Police, bikers encourage sharing the road during Motorcycle Awar - WKOW 27: Madison, WI Breaking News, Weather and Sports

Police, bikers encourage sharing the road during Motorcycle Awareness Month

Posted: Updated: May 11, 2014 10:27 PM
MADISON (WKOW) -- May is Motorcycle Awareness Month.

The campaign to promote the safe sharing of roads by both vehicles and motorcyclists has taken on added meaning in our area after two motorcyclists were killed in a car crash in Rock County on Easter Sunday.

Police believe Sambath Pal, 24, crossed the center line on Highway 14 in the Town of Harmony and hit bikers Mitchell Vance, 24, and Devin Julius, 18,.

The criminal complaint against Pal alleges he drove off following the accident.

Both Vance and Julius died as a result of the crash. Pal is facing felony, hit and run resulting in death charges.

Middleton Police Sgt. Don Mueller said the most common accidents involving vehicles and motorcyclists occur when the driver of the vehicle turns left in front of the biker.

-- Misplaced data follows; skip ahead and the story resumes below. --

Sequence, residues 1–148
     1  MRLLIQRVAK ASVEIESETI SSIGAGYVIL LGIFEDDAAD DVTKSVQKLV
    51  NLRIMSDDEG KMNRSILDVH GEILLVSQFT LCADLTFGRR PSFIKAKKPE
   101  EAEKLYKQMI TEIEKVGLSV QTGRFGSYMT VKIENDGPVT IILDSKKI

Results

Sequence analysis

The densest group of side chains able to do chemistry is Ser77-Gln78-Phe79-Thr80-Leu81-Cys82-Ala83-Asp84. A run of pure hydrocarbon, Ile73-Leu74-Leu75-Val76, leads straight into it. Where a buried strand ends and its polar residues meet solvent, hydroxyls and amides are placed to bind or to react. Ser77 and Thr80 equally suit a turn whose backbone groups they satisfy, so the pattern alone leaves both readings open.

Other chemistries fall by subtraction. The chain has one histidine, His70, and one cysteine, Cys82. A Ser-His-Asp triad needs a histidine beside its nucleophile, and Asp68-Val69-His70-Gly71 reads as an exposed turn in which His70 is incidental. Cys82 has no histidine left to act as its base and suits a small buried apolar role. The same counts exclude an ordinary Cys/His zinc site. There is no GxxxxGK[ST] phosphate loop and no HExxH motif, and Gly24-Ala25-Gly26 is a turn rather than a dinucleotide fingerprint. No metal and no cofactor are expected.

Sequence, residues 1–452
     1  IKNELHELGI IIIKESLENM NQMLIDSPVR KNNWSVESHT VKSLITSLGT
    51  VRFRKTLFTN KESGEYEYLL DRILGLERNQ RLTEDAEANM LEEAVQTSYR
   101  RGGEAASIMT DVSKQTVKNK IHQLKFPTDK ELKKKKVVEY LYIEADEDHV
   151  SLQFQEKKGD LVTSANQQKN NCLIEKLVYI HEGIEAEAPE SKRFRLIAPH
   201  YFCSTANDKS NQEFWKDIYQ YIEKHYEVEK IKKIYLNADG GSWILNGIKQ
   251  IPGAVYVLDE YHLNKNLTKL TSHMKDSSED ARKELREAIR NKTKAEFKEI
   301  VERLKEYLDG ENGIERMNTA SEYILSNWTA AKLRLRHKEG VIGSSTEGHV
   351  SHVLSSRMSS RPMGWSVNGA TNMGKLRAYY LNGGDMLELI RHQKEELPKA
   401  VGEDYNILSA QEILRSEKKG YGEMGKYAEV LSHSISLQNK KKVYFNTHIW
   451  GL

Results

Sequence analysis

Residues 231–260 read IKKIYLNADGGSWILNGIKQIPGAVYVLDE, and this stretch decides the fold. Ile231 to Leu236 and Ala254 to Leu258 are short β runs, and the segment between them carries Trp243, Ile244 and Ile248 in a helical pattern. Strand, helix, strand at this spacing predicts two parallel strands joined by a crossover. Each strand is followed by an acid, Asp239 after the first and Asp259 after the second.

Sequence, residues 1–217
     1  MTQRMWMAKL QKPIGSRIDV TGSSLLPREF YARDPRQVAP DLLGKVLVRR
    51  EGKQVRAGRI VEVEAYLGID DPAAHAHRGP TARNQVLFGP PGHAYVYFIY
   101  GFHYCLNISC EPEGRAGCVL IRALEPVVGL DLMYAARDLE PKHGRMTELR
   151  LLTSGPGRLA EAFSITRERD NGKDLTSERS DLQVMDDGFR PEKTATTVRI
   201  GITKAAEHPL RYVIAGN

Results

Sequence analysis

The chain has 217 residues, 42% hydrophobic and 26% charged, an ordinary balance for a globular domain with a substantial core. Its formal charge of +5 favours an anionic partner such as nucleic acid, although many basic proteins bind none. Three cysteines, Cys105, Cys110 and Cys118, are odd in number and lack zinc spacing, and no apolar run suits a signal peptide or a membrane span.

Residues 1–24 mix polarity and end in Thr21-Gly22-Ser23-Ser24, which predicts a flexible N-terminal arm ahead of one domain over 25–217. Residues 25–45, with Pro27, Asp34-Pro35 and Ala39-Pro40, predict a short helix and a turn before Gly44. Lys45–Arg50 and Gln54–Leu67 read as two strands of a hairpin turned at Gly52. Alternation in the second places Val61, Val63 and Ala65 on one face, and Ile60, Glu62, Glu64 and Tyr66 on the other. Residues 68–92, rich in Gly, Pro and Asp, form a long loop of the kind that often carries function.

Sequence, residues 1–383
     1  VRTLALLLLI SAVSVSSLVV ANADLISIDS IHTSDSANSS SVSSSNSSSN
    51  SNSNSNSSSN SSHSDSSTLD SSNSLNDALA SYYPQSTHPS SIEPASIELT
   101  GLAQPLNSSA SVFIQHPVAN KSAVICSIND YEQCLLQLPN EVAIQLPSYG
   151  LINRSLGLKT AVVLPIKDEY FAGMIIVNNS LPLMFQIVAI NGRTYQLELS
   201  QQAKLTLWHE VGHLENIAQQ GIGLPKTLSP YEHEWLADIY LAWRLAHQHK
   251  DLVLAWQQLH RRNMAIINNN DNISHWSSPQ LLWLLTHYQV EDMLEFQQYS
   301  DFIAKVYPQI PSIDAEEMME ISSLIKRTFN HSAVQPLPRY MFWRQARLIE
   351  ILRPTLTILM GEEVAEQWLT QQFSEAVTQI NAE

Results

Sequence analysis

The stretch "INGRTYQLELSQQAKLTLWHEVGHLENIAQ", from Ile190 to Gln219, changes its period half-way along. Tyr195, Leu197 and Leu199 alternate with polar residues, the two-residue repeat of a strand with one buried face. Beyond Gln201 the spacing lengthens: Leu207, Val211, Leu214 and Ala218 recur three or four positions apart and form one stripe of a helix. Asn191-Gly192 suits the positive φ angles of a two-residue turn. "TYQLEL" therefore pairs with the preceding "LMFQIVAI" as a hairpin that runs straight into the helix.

As part of Motorcycle Awareness Month, motorcycle advocacy group ABATE of Wisconsin is promoting the phrase "look twice, save a life."

Drivers are advised to "look left, then right, and then look left again," said ABATE's Tim Tomann.

Tomann said the extra check is meant to spot a motorcyclist who might have been riding in a vehicle's blind spot during the first glance.

"It's not acceptable to say you didn't see that bicycle," Tomann said. "It just takes a couple of extra seconds to take that additional look."

Mueller said drivers of cars, trucks and SUV's should also be careful about driving too close to motorcyclists. He said bikers often have to slow down for obstacles in the road that don't affect vehicles.

"If there's sand or gravel on the road, or a pothole, a motorcycle will have to slow down for that," Mueller said. "So give them so extra room so you don't rear end them."

As for bikers, Mueller said all motorcyclists should obtain a valid motorcycle license. He also said all motorcyclists should take at least some type of motorcycle training class. Mueller said such classes can teach basics like balancing a bike and navigating through both high and low-speed turns.

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